Words from 3 noted conservatives on the movement today

Posted on July 20, 2008 | Type: In the News
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Noted conservatives Al Regnery, Mickey Edwards and David Boaz last week discussed the future of the conservative movement at a Goldwater Institute forum.

The three talked with Viewpoints Editor Joe Garcia before the event.

The authors and speakers generally agreed on three basic principles: Conservatives stand for lower taxes, limited government and free markets; the Religious Right plays an integral role in electing conservatives, and only therefore holds a place at the table; and President Bush has set the conservative movement back by at least the number of years he's been in office because of the war, deficit, sagging economy and usurping of the Constitution

Here are excerpts from that interview:
Q. There are various types of conservatives, among them neo-conservatives, traditionalists, Religious Right, ultra, moderate and libertarian. Why the added definition and factions? Is it a sign of the foundation of conservatism cracking?

Al Regnery: There have always been factions. When the movement was young in the '50s. there were basically three factions. There were the anti-Communists, there were the traditional conservatives and there were the libertarian or economic conservatives. In fact, they didn't even really think of themselves as a movement, and little by little as the '60s wore on, they basically were . . . "fused" into a movement. The one thing they all agreed on was they didn't like liberals. They didn't like the left, if you will, liberals and communists. We don't have the Soviet Union anymore, and there really isn't any anti-communists, but you still very much have the different factions.

Mickey Edwards: When we look at the idea of opposition to liberalism, a lot of it was the sense that there seemed to be almost no limit to what the left was willing to have the government do. Government regulation of people's lives was very extensive during the days of the Lyndon Johnson administration and maybe before that. . . . It wasn't just the Soviet Union, it was the kind of top-down government regulation of business and of your personal life and all this other stuff coming out of Washington. A writer who had a big influence was Thomas Wolfe with his book, Radical Chic & Mau-Mauing the Flak Catchers, looking at the kind of nonsense that had begun to take over the political left. So to some extent, conservatism was not just promoting a particular point of view, but it was reaction against what was emerging in the country.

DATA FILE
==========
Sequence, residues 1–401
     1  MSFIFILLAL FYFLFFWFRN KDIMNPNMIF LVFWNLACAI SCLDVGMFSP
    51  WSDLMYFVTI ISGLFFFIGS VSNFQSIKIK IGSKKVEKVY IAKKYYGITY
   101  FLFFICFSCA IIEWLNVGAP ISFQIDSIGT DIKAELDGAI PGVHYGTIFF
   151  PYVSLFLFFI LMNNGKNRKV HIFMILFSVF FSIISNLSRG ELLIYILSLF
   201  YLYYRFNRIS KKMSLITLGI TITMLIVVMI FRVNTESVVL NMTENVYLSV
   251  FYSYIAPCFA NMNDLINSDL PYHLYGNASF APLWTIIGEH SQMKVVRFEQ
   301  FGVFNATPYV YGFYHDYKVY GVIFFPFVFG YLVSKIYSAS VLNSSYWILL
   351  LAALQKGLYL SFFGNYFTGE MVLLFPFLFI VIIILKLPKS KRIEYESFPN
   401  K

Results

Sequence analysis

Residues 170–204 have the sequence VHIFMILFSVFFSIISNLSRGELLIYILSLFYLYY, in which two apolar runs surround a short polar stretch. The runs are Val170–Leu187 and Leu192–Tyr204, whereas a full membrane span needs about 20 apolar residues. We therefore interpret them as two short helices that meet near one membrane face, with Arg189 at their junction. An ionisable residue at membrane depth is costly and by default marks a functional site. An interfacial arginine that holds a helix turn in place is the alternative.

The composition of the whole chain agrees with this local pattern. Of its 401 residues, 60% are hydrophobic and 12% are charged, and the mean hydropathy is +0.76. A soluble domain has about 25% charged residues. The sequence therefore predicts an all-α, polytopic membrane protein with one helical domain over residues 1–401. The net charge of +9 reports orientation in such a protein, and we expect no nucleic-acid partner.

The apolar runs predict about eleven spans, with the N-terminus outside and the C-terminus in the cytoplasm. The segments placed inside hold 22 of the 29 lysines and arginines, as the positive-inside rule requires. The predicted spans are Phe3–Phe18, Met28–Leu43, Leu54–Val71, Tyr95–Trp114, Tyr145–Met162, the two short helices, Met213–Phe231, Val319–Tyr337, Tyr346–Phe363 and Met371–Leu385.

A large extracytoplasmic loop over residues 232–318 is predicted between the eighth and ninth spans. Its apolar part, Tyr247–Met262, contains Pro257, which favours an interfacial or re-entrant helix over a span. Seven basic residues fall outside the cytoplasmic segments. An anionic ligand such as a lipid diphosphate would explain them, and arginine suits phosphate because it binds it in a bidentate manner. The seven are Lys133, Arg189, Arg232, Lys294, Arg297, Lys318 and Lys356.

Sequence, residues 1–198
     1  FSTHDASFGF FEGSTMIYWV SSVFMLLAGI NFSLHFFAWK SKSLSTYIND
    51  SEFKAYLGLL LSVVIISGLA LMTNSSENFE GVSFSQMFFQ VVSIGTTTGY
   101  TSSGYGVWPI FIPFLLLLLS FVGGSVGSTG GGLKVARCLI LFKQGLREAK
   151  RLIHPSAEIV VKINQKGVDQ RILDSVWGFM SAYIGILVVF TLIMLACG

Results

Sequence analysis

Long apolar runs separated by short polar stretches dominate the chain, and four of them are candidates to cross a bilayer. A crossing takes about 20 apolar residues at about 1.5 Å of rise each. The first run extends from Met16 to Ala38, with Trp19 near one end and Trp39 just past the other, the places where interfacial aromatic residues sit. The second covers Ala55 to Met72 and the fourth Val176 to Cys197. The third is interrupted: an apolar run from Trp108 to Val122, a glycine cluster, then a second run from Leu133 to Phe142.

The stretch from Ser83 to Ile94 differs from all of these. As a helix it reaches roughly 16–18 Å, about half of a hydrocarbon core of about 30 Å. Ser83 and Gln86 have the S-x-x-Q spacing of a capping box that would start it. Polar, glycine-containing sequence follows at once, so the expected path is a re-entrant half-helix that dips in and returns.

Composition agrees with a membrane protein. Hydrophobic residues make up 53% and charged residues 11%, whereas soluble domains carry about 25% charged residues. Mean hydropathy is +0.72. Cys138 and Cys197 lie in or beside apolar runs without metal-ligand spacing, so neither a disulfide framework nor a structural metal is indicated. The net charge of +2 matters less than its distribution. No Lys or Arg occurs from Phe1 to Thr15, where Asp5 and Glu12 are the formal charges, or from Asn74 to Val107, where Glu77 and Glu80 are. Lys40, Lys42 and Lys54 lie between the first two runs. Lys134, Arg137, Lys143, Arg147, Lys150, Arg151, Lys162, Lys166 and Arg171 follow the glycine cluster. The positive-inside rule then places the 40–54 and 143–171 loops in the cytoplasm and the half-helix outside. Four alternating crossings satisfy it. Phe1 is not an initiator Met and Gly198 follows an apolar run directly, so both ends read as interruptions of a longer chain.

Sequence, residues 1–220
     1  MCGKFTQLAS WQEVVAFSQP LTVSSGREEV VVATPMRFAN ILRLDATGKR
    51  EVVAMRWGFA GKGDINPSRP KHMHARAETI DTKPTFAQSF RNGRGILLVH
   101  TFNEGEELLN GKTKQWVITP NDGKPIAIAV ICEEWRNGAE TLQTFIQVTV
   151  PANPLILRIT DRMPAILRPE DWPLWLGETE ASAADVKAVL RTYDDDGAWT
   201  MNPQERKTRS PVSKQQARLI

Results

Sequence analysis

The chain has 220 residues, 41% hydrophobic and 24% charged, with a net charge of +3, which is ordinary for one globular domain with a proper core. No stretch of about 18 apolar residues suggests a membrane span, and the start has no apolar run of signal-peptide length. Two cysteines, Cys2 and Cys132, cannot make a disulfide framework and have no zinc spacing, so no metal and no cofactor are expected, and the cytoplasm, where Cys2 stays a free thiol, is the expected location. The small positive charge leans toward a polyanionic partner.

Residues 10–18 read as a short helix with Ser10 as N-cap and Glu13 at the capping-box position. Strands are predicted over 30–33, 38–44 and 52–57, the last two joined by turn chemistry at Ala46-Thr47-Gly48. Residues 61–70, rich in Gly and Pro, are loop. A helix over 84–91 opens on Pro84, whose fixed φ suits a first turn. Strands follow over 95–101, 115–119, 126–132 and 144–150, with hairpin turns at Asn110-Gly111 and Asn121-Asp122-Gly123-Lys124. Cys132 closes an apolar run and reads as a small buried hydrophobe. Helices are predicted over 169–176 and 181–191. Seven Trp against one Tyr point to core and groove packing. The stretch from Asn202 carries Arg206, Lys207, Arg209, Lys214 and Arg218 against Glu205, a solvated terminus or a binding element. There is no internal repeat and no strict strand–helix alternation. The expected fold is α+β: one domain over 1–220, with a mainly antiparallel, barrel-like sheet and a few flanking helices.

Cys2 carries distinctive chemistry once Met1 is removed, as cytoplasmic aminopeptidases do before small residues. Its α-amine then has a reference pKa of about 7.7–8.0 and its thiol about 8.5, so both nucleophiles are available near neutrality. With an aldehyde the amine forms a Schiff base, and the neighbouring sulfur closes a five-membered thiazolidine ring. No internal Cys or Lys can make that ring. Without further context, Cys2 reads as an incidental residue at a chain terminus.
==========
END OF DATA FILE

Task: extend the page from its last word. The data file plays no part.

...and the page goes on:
David Boaz: Nobody thinks a neo-conservative is a real conservative, right? We all know they don't belong there. A successful political movement is not an army. . . . Any effective movement is going to have people who have lots of different views, and sometimes those people understand that they have some disagreements, but they are allied because they have more agreements than disagreements or that they share a strong disagreement of somebody else. And for conservatives and libertarians, for a long time, that was the alliance against Soviet Communism and also against New Deal, Great Society liberalism in the United States. With the demise of communism, and the moderation, in lots of ways, of social democracy in the United States, it's not clear that conservatives and libertarians belong in the same political group anymore. And given eights years of dominance of conservatism by George Bush and by talking heads from Fox News, I think there's a real question as to what real conservatism is these days. I heard a conservative say at a conference last week, 'You know, when I was young, we read (William F.) Buckley and (Edmund) Burke, and now people watch Fox News and the best-selling conservative books are books by talk show hosts.' So I think there has been a shift away from the intellectual basis of conservatism and a shift away from the limited government basis of conservatism. And that's very troubling to me.

Q. If conservatives believe in limited government and keeping government out of people's personal lives, how do you explain the power and presence of evangelicals in conservative politics and all the legislation of morality that goes with it?